In December my younger sister Sarah died of lung cancer, two years after first being diagnosed.
She had led an admirably healthy life, didn’t drink and had never smoked.
The disease seemed to come out of nowhere, shattering the life of a brilliant and much loved mum, wife and writer.
Sarah had been working on a historical novel for the past eight years and her death meant that she missed its publication by a few days.
Before her illness I knew very little about lung cancer and probably shared the common view that it was a smoker’s disease.
I had no idea how many healthy people who had never smoked got it, and how in the UK it kills more people than breast, prostate and pancreatic cancer combined.
Sarah’s cancer was caused by a non-inherited genetic mutation.
She was treated with a number of the relatively new targeted drugs available.
What was so frustrating was that when they worked they could shrink a tumour the size of an orange to nothing.
But Sarah was particularly unlucky.
With some people these drugs work well for quite some time, but the nature of her cancer meant that she burned through a number of them very quickly.
When the drug stops working, the tumours spring back almost immediately to the size they were before – or worse.
Like my sister, Joanna Marshall is a young mother to two children, has never smoked, and yet has stage four lung cancer because of a non-inherited fault in her genes.
She has also been treated with targeted drug therapies.
“They provide a very effective stay of execution. So for me, for example, I have been on a targeted therapy for about a year which meant that I could live essentially a normal life,” she said.
“I was very active. I could breathe properly but they don’t last for ever. The problem is that cancer tends to be one step ahead.
“My husband – his life has completely changed and it’s not what I wanted for him; but you know, if we get through this, we’ll be so strong,” she added.
According to the leading medical charity Cancer Research UK (CRUK), 98 people die of lung cancer in the UK each day – making it the country’s biggest cancer killer.
In around 14% of cases, those who get the disease have never smoked.
Despite this, there is no screening programme for the disease, something which the Roy Castle Lung Cancer Foundation, the UK’s only charity exclusively dedicated to lung cancer, is campaigning for.
Cancer Research says there is no national programme in part because it is not clear that screening would save lives, the tests have risks and they can be expensive.
Plus, there is a concern screening could cause over-diagnosis – meaning some people may have treatment they do not need.
Dr David Gilligan, a consultant oncologist at Addenbrookes and Papworth hospitals in Cambridge, says late diagnosis is a disaster for patients.
“It’s a massive problem because these people who are diagnosed with lung cancer and have never smoked are really quite angry that they are assumed to have smoked and they have self-inflicted this cancer… when clearly they haven’t,” he said.
“Because of the way that the disease behaves, and that these people are not expected to be diagnosed with lung cancer, they are not high risk, they are usually diagnosed at a later stage and therefore treatment can often not be curative, which is a complete and utter disaster for them.”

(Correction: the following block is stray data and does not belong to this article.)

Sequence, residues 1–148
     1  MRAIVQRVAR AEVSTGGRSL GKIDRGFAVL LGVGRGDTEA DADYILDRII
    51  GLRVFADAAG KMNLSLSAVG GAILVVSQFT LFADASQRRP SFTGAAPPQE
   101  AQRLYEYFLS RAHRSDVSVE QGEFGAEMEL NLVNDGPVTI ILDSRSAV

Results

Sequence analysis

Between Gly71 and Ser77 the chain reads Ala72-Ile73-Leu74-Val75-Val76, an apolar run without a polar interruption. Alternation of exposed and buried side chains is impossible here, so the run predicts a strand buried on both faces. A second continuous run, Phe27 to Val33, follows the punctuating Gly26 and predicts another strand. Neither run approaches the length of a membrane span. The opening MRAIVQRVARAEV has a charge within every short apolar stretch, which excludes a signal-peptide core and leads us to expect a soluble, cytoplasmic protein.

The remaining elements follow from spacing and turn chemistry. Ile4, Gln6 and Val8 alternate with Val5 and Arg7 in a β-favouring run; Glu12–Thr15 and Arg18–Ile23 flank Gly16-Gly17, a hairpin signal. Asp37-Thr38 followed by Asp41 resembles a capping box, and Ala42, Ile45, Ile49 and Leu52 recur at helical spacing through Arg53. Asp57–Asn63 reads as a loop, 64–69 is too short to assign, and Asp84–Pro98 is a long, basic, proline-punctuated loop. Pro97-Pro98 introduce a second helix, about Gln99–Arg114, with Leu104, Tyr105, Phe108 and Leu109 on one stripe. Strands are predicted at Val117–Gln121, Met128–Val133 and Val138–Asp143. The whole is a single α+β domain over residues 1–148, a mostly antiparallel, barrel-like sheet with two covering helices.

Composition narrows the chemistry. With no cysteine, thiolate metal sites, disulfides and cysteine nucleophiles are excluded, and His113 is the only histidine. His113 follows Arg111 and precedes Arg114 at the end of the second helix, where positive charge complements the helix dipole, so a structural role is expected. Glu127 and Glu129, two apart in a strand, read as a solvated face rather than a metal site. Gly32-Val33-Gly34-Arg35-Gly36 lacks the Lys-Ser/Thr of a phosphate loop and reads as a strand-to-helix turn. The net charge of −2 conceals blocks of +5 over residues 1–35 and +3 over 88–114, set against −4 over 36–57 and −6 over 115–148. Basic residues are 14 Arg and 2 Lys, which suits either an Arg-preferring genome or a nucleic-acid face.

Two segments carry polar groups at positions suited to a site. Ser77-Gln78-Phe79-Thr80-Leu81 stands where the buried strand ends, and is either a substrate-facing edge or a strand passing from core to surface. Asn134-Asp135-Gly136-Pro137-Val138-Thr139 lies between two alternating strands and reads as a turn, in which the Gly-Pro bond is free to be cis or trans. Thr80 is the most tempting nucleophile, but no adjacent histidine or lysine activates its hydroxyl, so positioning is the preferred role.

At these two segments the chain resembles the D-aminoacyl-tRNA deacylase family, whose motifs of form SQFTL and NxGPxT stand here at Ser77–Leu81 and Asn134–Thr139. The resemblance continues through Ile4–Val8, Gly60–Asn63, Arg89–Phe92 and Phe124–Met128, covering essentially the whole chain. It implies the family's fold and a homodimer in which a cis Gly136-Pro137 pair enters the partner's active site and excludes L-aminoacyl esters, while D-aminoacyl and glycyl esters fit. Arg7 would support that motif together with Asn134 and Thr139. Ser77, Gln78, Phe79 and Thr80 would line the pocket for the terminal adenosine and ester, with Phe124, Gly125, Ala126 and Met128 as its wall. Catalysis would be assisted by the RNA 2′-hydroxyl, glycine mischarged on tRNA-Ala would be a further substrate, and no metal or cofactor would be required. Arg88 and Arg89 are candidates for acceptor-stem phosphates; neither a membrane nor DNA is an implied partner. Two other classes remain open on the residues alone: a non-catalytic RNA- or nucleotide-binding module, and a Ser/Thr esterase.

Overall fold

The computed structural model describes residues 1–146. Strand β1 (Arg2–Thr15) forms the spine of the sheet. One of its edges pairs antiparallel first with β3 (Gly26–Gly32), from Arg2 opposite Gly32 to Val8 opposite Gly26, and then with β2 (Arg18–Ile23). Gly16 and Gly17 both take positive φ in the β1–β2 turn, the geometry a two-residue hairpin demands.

Most lung cancers are diagnosed at stage four, which means that the tumours have spread.
Sufferers often experience no symptoms and many of them are first diagnosed when they present at Accident and Emergency departments.
The average prognosis is 200 days but if caught early, there is up to a 73% increased chance of surviving over five years.
The British Journal of Cancer predicts that lung cancer cases in the UK will double from 65,000 in 2010 to 137,000 in 2040 and that women will be worst affected.
The number of women with lung cancer is expected to almost quadruple within the next 30 years, from around 26,000 in 2010 to about 95,000 in 2040.
In contrast, the figures for men are predicted to increase by 8%, from 39,000 to 42,000 over the same period.
However, partly due to the negative associations of smoking, lung cancer remains the poor relation in the cancer family.
It receives a fraction of the research funding of other cancers.
Just £708 is spent on research per lung cancer death, compared with £3,570 for breast cancer, £7,640 for leukaemia and £10,116 for testicular cancer.
The entertainer and host of BBC TV’s “Record Breakers” Roy Castle, also a lifelong non-smoker, died of lung cancer in 1994.
Paula Chadwick, chief executive of the Roy Castle Lung Cancer Foundation, paints a stark picture of why research and treatment is so poorly funded.
She argues that it is almost a “Cinderella” disease, because of the stigma that comes with the idea that it might be self-inflicted.
“A lot of patients believe that it is their fault as well,” she says.
“But it doesn’t matter if you are a smoker, non-smoker, or ex-smoker, if you have lungs you can get lung cancer, it does not discriminate.
“Sadly we don’t have that army of advocates or those ex-patients who can help us raise the profile because it does have poor survival rates, she adds.
A cure or effective long-term drug therapy for lung cancer in both smokers and non-smokers remains a way off.
There will be many more cases like that of my sister Sarah before this disease, which can strike down healthy young people indiscriminately, is tackled and beaten.
Watch Clive Coleman’s full report on the Six O’Clock News on BBC One this evening.